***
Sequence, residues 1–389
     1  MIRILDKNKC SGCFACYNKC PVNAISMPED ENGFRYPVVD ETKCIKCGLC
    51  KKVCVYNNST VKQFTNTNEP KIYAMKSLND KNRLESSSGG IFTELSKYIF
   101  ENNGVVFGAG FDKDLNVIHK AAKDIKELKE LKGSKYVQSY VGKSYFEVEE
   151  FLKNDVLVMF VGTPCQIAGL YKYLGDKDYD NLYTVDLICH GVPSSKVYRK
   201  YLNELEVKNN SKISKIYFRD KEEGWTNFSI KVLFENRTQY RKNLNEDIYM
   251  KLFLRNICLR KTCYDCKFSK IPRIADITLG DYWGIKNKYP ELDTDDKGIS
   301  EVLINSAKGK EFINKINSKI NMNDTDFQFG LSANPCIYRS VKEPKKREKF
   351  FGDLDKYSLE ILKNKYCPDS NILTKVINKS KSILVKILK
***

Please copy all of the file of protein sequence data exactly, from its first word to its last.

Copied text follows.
Sequence, residues 1–389
     1  MIRILDKNKC SGCFACYNKC PVNAISMPED ENGFRYPVVD ETKCIKCGLC
    51  KKVCVYNNST VKQFTNTNEP KIYAMKSLND KNRLESSSGG IFTELSKYIF
   101  ENNGVVFGAG FDKDLNVIHK AAKDIKELKE LKGSKYVQSY VGKSYFEVEE
   151  FLKNDVLVMF VGTPCQIAGL YKYLGDKDYD NLYTVDLICH GVPSSKVYRK
   201  YLNELEVKNN SKISKIYFRD KEEGWTNFSI KVLFENRTQY RKNLNEDIYM
   251  KLFLRNICLR KTCYDCKFSK IPRIADITLG DYWGIKNKYP ELDTDDKGIS
   301  EVLINSAKGK EFINKINSKI NMNDTDFQFG LSANPCIYRS VKEPKKREKF
   351  FGDLDKYSLE ILKNKYCPDS NILTKVINKS KSILVKILK